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cahill expressway

Pub: Sydney Morning Herald

Pubdate: 03-Dec-2002

Edition: Late

Section: Metropolitan


Page: 14

Wordcount: 714

Less is more in tarting up Joe’s Road


Elizabeth Farrelly

Opening up the Cahill Expressway won’t be a dynamic change, writes Elizabeth Farrelly.

Of all the isms that rampaged through mid-20th-century design, dynamism ran deepest. From Marinetti on, the urge to express movement in form seemed to symbolise in some essential way the expansiveness and optimism of an entire era.

And yet Sydney was distinctly backward in leaping forward. While Utzon, our ultimate foreigner, was exploding the orange to produce something altogether more restless and out-there as our crack national icon, stasis still ruled the home front. The Opera House may extol our aquatic adjacency to the world, but all around it was stiff and stuffy. A wizened academic style already decades out of date was chosen for the MCA and, even as premier Joseph Cahill announced Utzon’s win in January 1957, construction was under way on his eponymous expressway. It was Joe’s Road; doggedly symmetrical, profoundly deadpan, severing city from water on a permanent basis.

And here’s the real irony. While the expressway’s location reveals the all-hail dominance of mobility in mid-century Sydney, its design avoids any hint of the dynamic, ditching the urgent aesthetic of the moment for dull municipal togs that belie its function as well as its moment in history.

Ten years ago there was talk of inflicting the ultimate dynamism on the Cahill Expressway. Dynamite dynamism, you might say. Keating backed it, but Fahey wouldn’t pay. In any case, the space left behind was vast; un-Australian, some said (though you might wonder why, in this big dusty land, we are so scale-shy in public spaces of the non-grass variety). And just about every scheme ended up re-cluttering it with enough commercial building to foot the bill, so defeating the purpose. Now it seems we’ve accepted the Cahill as a fixture, sufficiently permanent at least to warrant improvement.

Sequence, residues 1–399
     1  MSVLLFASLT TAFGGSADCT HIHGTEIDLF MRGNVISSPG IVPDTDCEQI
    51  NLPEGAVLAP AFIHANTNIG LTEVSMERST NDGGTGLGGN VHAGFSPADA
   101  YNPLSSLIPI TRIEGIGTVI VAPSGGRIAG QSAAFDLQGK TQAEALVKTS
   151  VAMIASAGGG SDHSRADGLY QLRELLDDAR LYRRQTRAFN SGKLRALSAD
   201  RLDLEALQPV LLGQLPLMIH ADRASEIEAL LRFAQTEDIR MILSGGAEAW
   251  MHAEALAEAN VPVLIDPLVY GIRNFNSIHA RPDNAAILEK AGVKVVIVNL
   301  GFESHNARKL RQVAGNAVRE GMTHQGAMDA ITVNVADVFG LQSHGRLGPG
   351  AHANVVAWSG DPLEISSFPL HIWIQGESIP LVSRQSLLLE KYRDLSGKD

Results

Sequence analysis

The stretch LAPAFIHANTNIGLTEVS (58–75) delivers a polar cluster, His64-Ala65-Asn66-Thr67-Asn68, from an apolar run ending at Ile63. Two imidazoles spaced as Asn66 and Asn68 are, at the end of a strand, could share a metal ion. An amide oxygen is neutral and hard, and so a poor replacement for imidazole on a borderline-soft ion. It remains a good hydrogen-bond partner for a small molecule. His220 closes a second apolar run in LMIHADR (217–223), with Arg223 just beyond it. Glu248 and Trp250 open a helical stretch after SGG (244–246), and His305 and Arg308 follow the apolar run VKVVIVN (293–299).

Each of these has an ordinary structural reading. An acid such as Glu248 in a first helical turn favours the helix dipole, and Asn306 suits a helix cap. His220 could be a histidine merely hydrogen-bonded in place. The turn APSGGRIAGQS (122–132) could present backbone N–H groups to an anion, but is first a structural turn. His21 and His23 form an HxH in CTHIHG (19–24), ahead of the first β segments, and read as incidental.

The tart-up project will be completed before the election, possibly even before Christmas. At $10 million it’s not huge, but because it involves just about every local authority you can conjure the RTA, CityRail, Waterways, the Botanic Gardens and the Department of Public Works and Services, plus the various retailers and lobby groups the political count, measured in angst-per-square-millimetre, is right up there.

Nevertheless the design, like its underlying idea, is simple. It’s a virtue-of-necessity kind of deal, which takes the Cahill we’re stuck with and opens it to both views and pedestrians. A pair of glass lifts, a viewing platform, a garden link and a few dozen metres of new glass balustrade combine succinctly to plug a gap in the Loo-to-the-Rocks sea-walk while providing the sort of full-frontal viewing spots of which Sydney is so absurdly deprived.

Since the idea is about opening-up, the architecture focuses on taking away. Even additions take a less-is-more approach: modish, but also apt. The lifts, replacing the Macquarie Street stairs, sit at quay level, just off the Opera House ant-track. From there, the new clip-on walkway takes you east to the gardens where a secondary entrance is being upgraded or west to the central viewing platform, which, complete with intricate plaques, offers a boardroom view to all-comers.

From here, except for the Bradfield Highway, you could walk to Pyrmont in full view of the sea. As it is, your choice is to trickle down the Cumberland Street steps or do the bridge. Below, the station that should always have been the world’s best will finally move a little closer to that ideal, with the removal of the view-blocking balustrades and tacky track-centre billboards, plus general tidying up.

From the outside, then, there’s not a lot to see. Apart from glass lifts and balustrades, it’s left to the jaunty copper roof to flag, with a stylistic nod at Customs House, the advent of the new. Such minimalism is admirable, not least in preserving the possibility of demolition, when and if we find the willpower. Meanwhile, the symmetry and stasis of Joe’s Road remain as intact as in its deferential harbinger, John Sulman’s 1908 scheme for a neo-classical office building along that same quay frontage.


TWO ILLUS: Love in motion …

Santiago Calatrava’s award-winning Milwaukee Art Museum.

Full frontal …

twin glass lifts and a viewing platform will open the view for pedestrians.

Photo: Narelle Autio


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